Teacher brings mu­sic to young


Central Leader - - NEWS - By JENNY LING

Inga Hope al­ways knew she would be a mu­si­cian.

The St He­liers res­i­dent would go ‘‘ weak at the knees’’ around mu­si­cal in­stru­ments as a young­ster.

Now the self-taught gui­tarist and singer-song­writer is help­ing Auck­land chil­dren reach their mu­si­cal po­ten­tial.

The 30-year-old is of Rus­sian and Lat­vian parent­age and teaches acous­tic and clas­si­cal gui­tar to chil­dren aged 5 to 12.

Hope says she had no ex­po­sure to mu­sic as a child as her par­ents were vis­ual artists ‘‘so I was ex­posed to lots of paint­ing and art ed­u­ca­tion’’.

‘‘Mu­sic was some­thing I had to dis­cover on my own.

‘‘I taught my­self to play the flute, drums, gui­tar and key­board.

‘‘Any­thing that made mu­sic I wanted to learn how to play it.

Hope grew up in Den­mark and spent time in Eng­land, Canada and the United States be­fore her par­ents set­tled in New Zealand five years ago.

She started tak­ing mu­sic lessons for com­po­si­tion and singing as a teenager.

In 2007 she pro­duced her first CD, an in­de­pen­dent re­lease called Rid­ing the Wind.

Two years later her gui­tar teacher, Kevin Down­ing, sug­gested she be­come a teacher too, so she un­der­took a one-on-one teacher train­ing men­tor­ship with him for two years.

Down­ing is no slouch in the gui­tar world, hav­ing worked with many in­ter­na­tional artists in­clud­ing singers Cilla Black, Tony Christie, Peters and Lee and John Rowles.

Af­ter her first year of train­ing Hope opened her own pri­vate teach­ing prac­tice in River­head where she taught ‘‘all lev­els and ages’’.

‘‘Af­ter that for two years I re­alised that the young chil­dren age 5 to about 10, no­body was teach­ing them how to read and write mu­sic,’’ she says.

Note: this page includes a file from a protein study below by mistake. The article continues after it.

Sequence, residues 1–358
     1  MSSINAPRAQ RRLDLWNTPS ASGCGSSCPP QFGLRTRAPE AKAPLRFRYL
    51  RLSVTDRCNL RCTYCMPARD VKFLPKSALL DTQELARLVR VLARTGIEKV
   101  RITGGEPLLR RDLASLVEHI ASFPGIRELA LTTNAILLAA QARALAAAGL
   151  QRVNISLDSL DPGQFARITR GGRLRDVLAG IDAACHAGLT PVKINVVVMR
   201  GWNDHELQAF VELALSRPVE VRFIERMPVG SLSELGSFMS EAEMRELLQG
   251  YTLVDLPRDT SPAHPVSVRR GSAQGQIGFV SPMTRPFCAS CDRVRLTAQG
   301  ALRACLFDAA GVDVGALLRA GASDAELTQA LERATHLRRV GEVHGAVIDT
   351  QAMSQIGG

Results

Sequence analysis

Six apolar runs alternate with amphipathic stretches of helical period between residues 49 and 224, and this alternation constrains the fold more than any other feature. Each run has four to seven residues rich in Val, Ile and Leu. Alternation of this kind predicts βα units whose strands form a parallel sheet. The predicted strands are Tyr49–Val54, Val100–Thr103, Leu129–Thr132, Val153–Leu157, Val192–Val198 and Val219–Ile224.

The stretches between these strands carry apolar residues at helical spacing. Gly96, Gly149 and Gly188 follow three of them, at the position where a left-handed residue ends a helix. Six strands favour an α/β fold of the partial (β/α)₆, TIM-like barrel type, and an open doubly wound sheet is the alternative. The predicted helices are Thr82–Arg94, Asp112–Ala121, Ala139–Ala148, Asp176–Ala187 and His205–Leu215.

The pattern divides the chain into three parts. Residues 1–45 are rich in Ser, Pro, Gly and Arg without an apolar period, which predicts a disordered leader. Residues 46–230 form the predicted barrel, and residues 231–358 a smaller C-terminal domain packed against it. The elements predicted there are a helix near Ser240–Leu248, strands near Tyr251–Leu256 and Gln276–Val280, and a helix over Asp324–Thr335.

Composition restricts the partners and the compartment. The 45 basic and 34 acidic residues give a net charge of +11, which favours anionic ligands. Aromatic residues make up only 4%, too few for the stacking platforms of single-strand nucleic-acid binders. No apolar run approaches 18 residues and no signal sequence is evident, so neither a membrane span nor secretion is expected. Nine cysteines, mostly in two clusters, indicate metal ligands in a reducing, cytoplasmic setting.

‘‘The meth­ods out there in the mar­ket is not for that age group so they’re very in­ef­fec­tive.

‘‘I was



kids. That’s when I re­alised that I wanted to cre­ate ma­te­ri­als for them.’’

Her Gen­tle Gui­tar method was the re­sult. Chil­dren learn how to read and write stan­dard mu­sic no­ta­tion early and are en­cour­aged to learn at their own pace.

‘‘Most gui­tar teach­ers don’t teach tech­ni­cal foun­da­tions to young learn­ers,’’ she says.

‘‘In fact most teach­ers don’t even know how to teach note read­ing to chil­dren un­der the age of 9 or 10, this takes spe­cial skill.

‘‘That’s a shame be­cause that’s when brain plas­tic­ity is at its high­est.’’

Hope opened a stu­dio in her St He­liers home in May and plans to open oth­ers in Devon­port and the North Shore in the fu­ture.

‘‘I didn’t set out to be a teacher,’’ she says.

‘‘It’s the best thing that’s hap­pened to me. It’s taken dom­i­nance of my life,’’ Hope says.

‘‘Whereas be­fore it was a fo­cus on my­self and my own mu­si­cal de­vel­op­ment and ca­reer . . . work­ing with chil­dren, they’ve trans­formed my life. They have taught me a lot.’’

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